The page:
Crash Tests Show SUVs Crumple Cars

New crash tests prove what real-world fatalities have already revealed -- cars are no match for SUVs in side-impact collisions.

Of 13 mid-size cars tested by the Insurance Institute for Highway Safety, only two earned good ratings, reports CBS News Correspondent Bob Orr.

The 2004 Honda Accord and the new Toyota Camry both protected crash dummies from serious injuries, but only when the cars were equipped with side air bags.

"The dummies, or the people, who are inside this vehicle in a crash this severe would have some injuries, but this would be the difference between life and death," says Adrian Lund of the Insurance Institute for Highway Safety.

Without air bags, both the Camry and Accord faired poorly when struck in the side by a sled, which was used to simulate an SUV.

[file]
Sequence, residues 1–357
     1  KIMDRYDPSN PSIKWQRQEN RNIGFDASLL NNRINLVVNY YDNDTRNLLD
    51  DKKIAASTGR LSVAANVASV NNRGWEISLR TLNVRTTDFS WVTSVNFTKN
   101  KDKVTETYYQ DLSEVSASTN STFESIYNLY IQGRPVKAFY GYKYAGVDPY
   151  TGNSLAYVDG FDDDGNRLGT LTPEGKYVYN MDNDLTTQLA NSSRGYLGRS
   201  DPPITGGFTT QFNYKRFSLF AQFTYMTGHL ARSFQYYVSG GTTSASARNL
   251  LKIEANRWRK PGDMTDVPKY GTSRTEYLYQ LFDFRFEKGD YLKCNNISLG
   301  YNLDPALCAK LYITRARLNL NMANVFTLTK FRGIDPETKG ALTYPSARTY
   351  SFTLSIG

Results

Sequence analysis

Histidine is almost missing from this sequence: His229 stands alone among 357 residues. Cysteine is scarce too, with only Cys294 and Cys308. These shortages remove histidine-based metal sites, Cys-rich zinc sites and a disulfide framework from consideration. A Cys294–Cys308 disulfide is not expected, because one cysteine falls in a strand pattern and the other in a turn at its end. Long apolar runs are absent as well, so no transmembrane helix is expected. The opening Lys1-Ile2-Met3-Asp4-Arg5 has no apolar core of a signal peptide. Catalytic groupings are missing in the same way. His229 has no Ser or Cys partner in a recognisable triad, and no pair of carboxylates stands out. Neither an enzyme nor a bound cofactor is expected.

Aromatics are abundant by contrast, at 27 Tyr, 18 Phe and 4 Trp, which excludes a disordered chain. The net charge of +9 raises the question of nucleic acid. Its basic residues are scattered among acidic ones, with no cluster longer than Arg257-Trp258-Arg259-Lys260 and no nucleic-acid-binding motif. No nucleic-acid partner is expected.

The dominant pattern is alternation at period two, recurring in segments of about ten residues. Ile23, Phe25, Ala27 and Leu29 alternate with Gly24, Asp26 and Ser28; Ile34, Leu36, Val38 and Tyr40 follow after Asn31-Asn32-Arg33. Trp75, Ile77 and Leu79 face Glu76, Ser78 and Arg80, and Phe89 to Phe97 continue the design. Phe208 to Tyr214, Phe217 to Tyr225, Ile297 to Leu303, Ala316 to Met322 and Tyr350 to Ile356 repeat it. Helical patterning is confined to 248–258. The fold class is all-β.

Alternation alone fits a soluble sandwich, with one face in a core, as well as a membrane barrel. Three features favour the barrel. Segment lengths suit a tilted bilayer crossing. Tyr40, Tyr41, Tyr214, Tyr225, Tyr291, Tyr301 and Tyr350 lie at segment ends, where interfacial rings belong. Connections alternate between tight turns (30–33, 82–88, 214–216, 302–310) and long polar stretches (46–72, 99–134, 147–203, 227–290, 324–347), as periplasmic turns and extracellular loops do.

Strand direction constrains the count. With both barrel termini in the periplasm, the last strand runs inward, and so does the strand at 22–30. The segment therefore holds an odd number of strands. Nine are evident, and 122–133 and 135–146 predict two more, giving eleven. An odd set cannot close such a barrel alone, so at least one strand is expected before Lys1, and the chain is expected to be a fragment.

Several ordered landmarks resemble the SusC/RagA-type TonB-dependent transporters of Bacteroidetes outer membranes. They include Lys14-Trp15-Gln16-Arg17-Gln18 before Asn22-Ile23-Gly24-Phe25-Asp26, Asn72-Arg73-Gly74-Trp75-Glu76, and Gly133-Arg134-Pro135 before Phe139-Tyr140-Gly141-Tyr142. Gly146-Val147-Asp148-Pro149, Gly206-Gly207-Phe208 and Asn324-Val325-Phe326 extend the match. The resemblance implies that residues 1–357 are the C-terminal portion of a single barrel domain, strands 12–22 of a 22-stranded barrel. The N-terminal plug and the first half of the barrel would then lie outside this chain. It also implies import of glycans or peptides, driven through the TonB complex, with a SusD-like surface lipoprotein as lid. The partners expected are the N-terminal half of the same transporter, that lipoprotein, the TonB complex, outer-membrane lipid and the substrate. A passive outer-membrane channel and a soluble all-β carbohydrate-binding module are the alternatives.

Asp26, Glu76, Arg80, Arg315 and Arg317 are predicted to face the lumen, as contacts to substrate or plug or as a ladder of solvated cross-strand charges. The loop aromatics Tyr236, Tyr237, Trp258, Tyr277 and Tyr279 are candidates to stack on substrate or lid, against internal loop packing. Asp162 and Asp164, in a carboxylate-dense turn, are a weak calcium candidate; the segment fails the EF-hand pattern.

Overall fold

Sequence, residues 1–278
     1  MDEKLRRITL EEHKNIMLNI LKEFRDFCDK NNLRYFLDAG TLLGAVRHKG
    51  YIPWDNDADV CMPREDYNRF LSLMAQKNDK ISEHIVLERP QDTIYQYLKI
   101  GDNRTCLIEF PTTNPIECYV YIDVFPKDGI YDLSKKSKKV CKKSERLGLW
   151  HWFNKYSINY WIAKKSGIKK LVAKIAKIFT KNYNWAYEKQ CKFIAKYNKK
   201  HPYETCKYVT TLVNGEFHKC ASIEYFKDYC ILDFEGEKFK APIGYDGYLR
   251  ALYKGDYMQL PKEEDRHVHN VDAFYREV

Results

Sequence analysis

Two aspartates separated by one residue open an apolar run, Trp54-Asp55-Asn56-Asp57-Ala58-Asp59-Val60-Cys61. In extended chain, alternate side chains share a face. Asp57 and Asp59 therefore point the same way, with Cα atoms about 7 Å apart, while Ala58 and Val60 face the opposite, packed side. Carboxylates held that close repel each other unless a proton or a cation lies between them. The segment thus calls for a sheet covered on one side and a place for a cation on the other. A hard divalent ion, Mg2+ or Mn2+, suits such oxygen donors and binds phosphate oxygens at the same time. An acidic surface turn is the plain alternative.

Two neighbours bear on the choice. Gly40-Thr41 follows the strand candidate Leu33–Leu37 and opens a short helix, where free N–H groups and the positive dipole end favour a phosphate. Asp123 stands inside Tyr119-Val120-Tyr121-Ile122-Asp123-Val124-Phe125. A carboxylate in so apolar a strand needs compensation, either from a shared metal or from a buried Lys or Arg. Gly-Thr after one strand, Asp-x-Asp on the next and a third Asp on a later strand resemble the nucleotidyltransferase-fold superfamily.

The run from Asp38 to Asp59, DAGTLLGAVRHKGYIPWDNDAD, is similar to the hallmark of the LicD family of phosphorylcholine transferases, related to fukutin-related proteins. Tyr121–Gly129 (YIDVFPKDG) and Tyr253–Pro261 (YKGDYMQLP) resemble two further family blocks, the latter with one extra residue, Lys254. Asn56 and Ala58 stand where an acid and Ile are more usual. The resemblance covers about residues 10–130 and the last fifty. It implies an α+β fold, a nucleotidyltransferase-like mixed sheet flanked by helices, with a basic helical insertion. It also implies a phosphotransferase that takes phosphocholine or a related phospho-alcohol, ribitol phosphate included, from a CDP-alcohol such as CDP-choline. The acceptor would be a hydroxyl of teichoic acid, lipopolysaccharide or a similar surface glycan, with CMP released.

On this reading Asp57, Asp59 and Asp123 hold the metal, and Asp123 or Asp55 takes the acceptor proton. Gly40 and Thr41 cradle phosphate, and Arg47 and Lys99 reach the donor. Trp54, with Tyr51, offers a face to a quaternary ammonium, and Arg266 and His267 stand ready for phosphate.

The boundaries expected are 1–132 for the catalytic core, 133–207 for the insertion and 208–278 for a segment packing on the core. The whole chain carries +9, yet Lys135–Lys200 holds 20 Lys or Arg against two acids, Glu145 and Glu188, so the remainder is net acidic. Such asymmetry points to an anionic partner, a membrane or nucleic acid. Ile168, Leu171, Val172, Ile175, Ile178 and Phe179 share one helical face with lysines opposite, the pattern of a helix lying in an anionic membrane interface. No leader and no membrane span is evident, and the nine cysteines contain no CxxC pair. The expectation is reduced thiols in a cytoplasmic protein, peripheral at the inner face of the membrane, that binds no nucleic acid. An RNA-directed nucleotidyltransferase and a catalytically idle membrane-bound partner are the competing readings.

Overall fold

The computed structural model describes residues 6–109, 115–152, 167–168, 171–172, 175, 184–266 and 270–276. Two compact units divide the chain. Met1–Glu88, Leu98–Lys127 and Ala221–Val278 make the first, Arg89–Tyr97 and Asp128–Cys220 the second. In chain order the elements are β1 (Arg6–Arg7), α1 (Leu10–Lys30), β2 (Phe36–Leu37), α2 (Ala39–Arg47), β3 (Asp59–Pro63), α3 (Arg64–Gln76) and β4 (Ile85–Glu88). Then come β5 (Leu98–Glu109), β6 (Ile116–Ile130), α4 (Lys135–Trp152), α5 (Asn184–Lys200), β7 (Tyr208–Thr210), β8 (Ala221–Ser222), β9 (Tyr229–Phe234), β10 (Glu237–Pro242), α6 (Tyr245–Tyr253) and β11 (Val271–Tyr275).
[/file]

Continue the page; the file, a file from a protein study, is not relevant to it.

A video of two Honda Accords – one equipped with side air bags, and one without – shows the side windows on car lacking airbags shattering and scattering glass on the dummy inside. The dummy body was thrown roughly, while the dummy in the car with airbags was shielded from the glass and the impact buffered by the inflatable bags.

Overall, ten of the 13 cars tested were rated poor. In addition to the Accord and Camry without airbags, the Mitsubishi Galant, Hyundai Sonata, and Nissan Altima all earned poor marks.

So, too, did the Dodge Stratus, Mazda 6, the Suzuki Verona, Chevrolet Malibu and Saturn L Series.

The Malibu -- when outfitted with side air bags -- earned an acceptable rating, but the Saturn, even with its standard equipment side airbags failed the test.

Video of a crash test shows the side air curtain on the Saturn did not protect the head of the short dummy.

Overall, cars with side airbags are safer, but side impact collisions between cars and SUVs remain among the most deadly.

And with more SUVs now on the road, there is no absolute protection against the risk.